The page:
Elementary schools should prioritize the safety of their students when selecting a 3D printer. The printer’s design should prevent accidental contact with hot or moving parts and have safety features such as automatic shut-off to prevent accidents.

User-friendly interface

Given the age of elementary school students, the 3D printer should have a user-friendly interface that is easy for them to understand and use. It should also have a straightforward software program that can be easily navigated.

Printing quality and speed

The 3D printer should produce prints of high quality with precision and clean edges. As students have limited attention spans, the printer should also print quickly, allowing them to see the results of their designs sooner.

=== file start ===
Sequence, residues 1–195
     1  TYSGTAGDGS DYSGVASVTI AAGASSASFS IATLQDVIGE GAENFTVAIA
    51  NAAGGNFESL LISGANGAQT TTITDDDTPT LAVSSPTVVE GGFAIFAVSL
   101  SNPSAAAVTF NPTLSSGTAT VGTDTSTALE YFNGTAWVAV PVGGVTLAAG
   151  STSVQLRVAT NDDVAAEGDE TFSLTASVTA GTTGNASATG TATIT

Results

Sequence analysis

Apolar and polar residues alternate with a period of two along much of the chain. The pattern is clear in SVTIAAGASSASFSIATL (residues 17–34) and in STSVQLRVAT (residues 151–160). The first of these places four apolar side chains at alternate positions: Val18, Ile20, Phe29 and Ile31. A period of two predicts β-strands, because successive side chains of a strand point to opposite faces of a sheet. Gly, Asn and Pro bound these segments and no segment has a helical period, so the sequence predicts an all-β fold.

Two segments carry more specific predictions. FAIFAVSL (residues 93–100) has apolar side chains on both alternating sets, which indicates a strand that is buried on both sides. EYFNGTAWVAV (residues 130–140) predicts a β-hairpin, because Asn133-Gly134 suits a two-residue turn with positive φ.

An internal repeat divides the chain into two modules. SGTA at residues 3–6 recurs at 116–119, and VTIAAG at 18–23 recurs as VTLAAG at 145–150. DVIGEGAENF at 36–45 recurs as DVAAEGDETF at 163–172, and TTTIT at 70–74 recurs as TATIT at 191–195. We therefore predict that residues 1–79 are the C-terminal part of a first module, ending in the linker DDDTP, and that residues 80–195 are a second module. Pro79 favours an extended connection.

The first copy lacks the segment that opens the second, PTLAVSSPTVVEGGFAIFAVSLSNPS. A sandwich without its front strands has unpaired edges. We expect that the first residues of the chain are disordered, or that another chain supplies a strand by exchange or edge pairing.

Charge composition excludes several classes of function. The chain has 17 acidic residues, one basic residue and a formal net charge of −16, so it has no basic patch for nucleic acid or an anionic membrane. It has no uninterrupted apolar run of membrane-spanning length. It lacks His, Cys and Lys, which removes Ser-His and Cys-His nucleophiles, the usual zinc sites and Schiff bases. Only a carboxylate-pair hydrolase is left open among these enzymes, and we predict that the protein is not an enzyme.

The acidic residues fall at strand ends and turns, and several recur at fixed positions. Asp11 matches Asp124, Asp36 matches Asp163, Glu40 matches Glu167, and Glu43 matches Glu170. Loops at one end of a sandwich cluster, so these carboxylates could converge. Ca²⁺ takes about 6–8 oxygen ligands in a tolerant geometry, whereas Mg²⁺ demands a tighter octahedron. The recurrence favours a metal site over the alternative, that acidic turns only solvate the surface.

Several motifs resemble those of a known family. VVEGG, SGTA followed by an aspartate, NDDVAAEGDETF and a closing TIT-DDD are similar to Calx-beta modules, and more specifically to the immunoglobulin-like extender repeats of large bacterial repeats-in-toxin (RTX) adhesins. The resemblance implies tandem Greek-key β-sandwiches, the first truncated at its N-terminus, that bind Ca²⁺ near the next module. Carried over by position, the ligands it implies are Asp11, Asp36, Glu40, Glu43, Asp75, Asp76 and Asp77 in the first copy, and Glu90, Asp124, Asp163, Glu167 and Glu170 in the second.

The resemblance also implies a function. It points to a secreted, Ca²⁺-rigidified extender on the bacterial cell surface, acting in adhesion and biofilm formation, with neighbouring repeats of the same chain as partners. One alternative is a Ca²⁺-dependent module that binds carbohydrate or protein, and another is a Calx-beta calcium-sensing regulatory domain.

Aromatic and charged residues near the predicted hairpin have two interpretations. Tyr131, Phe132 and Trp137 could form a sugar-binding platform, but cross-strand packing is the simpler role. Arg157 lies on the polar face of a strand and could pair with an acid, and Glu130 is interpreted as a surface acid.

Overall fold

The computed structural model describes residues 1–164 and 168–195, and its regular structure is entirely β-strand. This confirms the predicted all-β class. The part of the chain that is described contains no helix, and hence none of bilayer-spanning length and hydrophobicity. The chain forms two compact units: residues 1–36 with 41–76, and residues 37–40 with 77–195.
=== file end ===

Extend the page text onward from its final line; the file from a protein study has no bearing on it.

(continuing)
Here are the top 5 3D printers that would be ideal for an elementary school’s computer lab:

Printer 1: Features and review

The MakerBot Replicator+ 3D printer is a reliable option for elementary schools. It is user-friendly, easy to set up, and has an excellent build volume. It also has a camera that provides a live feed of the printing process, allowing teachers to monitor the printing process remotely.

Printer 2: Features and review

The FlashForge Finder 3D printer is an affordable option ideal for elementary schools. Its user-friendly interface and auto-calibration feature make it easy for students to use. The printer also has a built-in camera to monitor the printing process.

Printer 3: Features and review